“(W)e leave the listing agent info in there as the only agent point of contact that a buyer can reach out to. And because listing agents can wait to see if they get any buyer leads before they decide to become a premium subscriber, they know that they’re getting something of value before paying,” Thomas said.
Users would still receive messages from buyers, but the buyer’s name and contact information would be masked until the user subscribed.
“We did a lot of usability testing around this, and 100 percent of agents said they would subscribe if they saw an actual buyer lead come in that they could respond to, so I don’t think it will ever be a problem that a buyer won’t be responded to,” Thomas told Inman News.
He added that Reesio allows agents to cancel at any time, and “even just one buyer lead that converts more than covers a Reesio premium subscription. So there’s very little risk on the agent’s part.
“Essentially, Reesio is acting as the listing agent’s website and public-facing marketing portal for a low monthly fee.”
Reesio’s public listing pages allow buyers to contact listing agents to send them a message, schedule a showing or make an offer on the listing.
Only buyer’s agents are allowed to submit an offer. Buyers can either opt to have the listing agent represent them or include their buyer’s agent’s name and email to send that agent a notification that the buyer would like to make an offer on the property. Any buyer’s agent who has not get created a Reesio account will be directed to do so at no cost.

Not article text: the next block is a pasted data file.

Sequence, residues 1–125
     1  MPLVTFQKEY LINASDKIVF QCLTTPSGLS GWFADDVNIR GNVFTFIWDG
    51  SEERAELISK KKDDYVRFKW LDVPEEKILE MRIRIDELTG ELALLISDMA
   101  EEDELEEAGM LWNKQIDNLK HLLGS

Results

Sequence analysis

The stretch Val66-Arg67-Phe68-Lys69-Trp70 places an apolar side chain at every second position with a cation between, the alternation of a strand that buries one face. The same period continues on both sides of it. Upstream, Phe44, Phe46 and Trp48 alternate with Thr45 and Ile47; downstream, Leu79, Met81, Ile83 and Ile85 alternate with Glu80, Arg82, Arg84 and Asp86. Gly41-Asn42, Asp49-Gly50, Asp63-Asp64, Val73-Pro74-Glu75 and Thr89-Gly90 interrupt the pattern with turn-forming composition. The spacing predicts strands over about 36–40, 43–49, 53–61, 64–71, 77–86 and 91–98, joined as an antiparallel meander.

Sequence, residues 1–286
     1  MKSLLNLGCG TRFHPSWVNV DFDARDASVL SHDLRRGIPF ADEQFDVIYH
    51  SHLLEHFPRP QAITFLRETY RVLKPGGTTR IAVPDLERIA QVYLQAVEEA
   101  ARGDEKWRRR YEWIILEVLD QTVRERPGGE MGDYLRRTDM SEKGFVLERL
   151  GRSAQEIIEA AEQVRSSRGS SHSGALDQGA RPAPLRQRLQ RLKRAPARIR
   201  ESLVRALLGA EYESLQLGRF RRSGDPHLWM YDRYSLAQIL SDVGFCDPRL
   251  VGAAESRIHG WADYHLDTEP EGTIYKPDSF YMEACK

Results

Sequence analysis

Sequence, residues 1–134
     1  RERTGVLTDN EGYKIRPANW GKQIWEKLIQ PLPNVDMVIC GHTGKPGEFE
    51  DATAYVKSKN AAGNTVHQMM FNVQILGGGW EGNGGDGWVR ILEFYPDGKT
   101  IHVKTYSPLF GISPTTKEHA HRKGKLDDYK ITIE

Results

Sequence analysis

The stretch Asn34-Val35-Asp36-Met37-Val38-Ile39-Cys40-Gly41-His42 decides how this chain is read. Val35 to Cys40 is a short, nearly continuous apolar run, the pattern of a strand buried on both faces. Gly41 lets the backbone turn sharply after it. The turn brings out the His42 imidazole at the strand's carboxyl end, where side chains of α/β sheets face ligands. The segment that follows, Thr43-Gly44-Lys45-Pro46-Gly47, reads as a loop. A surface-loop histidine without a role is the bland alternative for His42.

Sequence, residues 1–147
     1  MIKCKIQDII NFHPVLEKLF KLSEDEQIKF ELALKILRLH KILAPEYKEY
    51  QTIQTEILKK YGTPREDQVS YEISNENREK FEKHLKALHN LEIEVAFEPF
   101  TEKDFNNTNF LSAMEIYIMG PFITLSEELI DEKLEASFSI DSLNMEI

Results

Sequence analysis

When making an offer, the buyer’s agent types in key details such as purchase price, deposit amount and down payment amount that are then visible in Reesio’s offers page, and attaches a purchase agreement with further details, signed by both the buyer and the buyer’s agent. This makes it easy for the seller and the listing agent to sign the agreement and make the deal official, Thomas said.
The listing agent has the option to easily accept, reject or counter offers, and the system allows for multiple rounds of counteroffers. Each party gets automatically notified every time a move has been made. Counteroffer history is recorded so that each party can see the “play by play” of what has happened with each offer, Thomas said.
Now that Reesio has a new round of seed funding under its belt, the startup will begin to work on scaling its user base, partially through search engine optimization and search engine marketing. The company also hopes its now-free platform will take off virally among agents, with agents inviting other agents to join.
“Our goal in the next 18 months is to get between 700,000 and 1 million properties in our system for 15-20 percent market penetration,” Thomas told Inman News earlier this month.
Reesio also plans to roll out a third-party vendor program in which ads appear before buyers and sellers at the precise moment when they might need vendors’ services. For instance, an ad for staging services could appear in front of a seller when a listing agreement is signed.
“We have talked to a lot of third-party vendors, small and large, and there’s a tremendous amount of interest in this. It’s going to be a relatively big priority,” and Reesio hopes to launch the program in the next few months, Thomas said.
The program will likely include a rating system for quality control, he added.
Reesio also eventually plans to roll out a full-blown customer relationship management system to manage the leads it produces. Offering consumers comparable offers and sales on Reesio’s public listing pages is also on the horizon, likely coming online in the next three to six months, according to Thomas.